At its recent high, the USD Index was more than 25% higher than it had been at its lows a year earlier. It has fallen back a bit from its peak; but it is still over 20% higher. That means the US can on average pay 20%+ less for foreign goods; and foreign countries have to pay 20%+ more for US goods. This last is a huge headwind for the US businesses that are big exporters. The former is a big indicator that more US jobs are likely to make their way offshore. Bernanke understood this. It is unclear that either Obama or Janet Yellen (or Fisher) does.

They seem to think they are back in 1980 with Volcker; and I believe even then his policies led directly to a faster loss of US jobs to overseas competitors. With the current landscape, the effects should be far more obvious even to someone with the US national pride/conceit of a Paul Volcker. The idea that the US Fed has to raise its Fed Funds rate in order to be able to lower rates at a later date is a fallacy. The idea that the US Fed has to raise rates to tighten to avoid inflation is a fallacy. What is instead true is that such raises would likely cause inflation themselves. Yet they would still slow the economy as they normally would. Such a strategy would almost certainly lead to STAGFLATION (no or negative growth with inflation). That is an extremely unpleasant economic condition to live in. US citizens will not thank Obama and/or the US Fed for getting them into such a situation.

In addition the above data, while not the whole world, indicate that the US has no need to tighten rates in order to avoid inflation. All of its major competitors are "exporting deflation". The numbers suggest that that deflation amounts to -3% to -4% for the EU, -15%+ for Japan, and at least -3% for China. If the US holds its Fed Funds rate at 0% (and it has no QE program), it is allowing virtually all other countries to undercut its prices on a continuous basis by an increasing amount. That is an unsustainable monetary policy for any government that wants to grow its economy. If the Fed raises its Fed Funds rate in this environment it is worsening an already bad situation for US businesses. Americans should make their voices heard. They should tell their government officials that they do not want to lose more jobs to overseas competitors.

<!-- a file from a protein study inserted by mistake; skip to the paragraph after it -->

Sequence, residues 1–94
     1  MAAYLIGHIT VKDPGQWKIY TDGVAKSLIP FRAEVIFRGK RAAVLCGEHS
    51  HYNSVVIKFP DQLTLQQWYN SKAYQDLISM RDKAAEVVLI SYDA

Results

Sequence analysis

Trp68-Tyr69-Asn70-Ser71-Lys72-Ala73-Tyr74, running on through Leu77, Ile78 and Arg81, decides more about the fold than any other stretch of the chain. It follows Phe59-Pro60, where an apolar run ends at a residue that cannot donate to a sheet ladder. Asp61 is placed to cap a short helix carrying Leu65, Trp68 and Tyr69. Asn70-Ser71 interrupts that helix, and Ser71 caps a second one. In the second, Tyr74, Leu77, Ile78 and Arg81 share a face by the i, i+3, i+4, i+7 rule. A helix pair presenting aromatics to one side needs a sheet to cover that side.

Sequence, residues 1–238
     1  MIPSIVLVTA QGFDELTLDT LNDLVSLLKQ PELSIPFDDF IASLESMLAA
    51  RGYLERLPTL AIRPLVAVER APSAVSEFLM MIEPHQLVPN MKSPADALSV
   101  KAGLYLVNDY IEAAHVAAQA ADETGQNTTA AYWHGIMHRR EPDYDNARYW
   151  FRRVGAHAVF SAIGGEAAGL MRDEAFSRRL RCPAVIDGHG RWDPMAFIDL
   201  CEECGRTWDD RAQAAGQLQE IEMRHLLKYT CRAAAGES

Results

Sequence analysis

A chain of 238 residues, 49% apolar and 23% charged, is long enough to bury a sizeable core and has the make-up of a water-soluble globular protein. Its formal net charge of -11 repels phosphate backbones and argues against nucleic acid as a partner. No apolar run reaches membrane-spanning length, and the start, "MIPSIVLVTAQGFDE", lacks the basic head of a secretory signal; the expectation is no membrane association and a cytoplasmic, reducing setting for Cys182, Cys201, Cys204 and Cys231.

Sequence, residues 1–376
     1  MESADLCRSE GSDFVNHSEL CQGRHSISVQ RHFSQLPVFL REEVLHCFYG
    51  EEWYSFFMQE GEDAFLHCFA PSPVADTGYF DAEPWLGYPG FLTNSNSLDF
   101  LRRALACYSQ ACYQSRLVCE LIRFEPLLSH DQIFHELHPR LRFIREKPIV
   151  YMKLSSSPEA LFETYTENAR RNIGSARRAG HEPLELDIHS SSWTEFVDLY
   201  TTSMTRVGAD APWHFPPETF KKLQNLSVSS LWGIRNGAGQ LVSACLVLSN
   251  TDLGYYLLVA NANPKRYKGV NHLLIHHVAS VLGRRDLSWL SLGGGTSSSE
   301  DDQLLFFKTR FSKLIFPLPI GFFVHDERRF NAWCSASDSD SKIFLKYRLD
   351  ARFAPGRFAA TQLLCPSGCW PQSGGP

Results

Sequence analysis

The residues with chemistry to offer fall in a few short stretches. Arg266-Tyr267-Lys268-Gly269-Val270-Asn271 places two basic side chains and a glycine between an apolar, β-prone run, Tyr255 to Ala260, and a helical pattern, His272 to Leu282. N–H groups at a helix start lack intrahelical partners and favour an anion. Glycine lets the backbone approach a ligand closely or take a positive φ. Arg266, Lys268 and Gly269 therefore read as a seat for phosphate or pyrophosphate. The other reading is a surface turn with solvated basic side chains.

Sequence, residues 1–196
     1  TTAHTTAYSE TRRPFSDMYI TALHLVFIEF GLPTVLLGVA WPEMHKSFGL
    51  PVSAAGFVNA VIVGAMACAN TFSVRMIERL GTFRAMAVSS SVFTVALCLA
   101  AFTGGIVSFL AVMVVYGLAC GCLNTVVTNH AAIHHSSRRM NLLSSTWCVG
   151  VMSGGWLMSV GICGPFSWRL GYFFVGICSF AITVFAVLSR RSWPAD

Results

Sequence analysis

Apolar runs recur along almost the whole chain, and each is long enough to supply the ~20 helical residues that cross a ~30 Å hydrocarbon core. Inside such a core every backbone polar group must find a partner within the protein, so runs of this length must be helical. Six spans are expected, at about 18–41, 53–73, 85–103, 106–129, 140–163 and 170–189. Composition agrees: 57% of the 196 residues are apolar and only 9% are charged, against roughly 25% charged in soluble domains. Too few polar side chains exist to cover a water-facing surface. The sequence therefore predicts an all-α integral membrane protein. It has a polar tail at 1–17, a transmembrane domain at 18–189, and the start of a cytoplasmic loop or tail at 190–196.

If the above situation was not bad enough, many countries, especially those in Central and South America use the USD as a secondary currency (effectively their major trading currency). They sell their products mostly in USDs. They use USDs to buy foreign goods and services. Many shops accept USDs more easily than the home country's currency. If the USD rises further, it will buy more of those countries' products for less. The USD will cost more for those countries to buy in order to buy imports with. The GDP of those Central and South American countries will fall. Many of those GDP's fell from 2013 to 2014. These include such countries as Argentina, Brazil, Chile, Columbia, Uruguay, Panama, etc. For FY2015 the GDP losses will probably be even greater. Those figures just aren't out yet. Does the US want to bankrupt its closest neighbors?

Aside from Central and South America, there are many other countries that trade based largely on the value of the USD. US companies are not the only ones that will be hurt by a stronger USD policy. The US Fed raising rates is unwarranted on a relative basis when you account for the QE policies of its biggest trading partners. One could argue effectively that the US Fed Funds rates are already over +3% on a relative basis. With a GDP of +2.3% in Q2 2015 and +0.6% in Q1 2015 (after much tinkering with the data), the average US GDP growth so far in 2015 is only about 1.45%. I am not sure how government economists believe this meager growth can support relative Fed Funds rates even greater than 3%+; but it appears to be faulty syllogistic reasoning to me.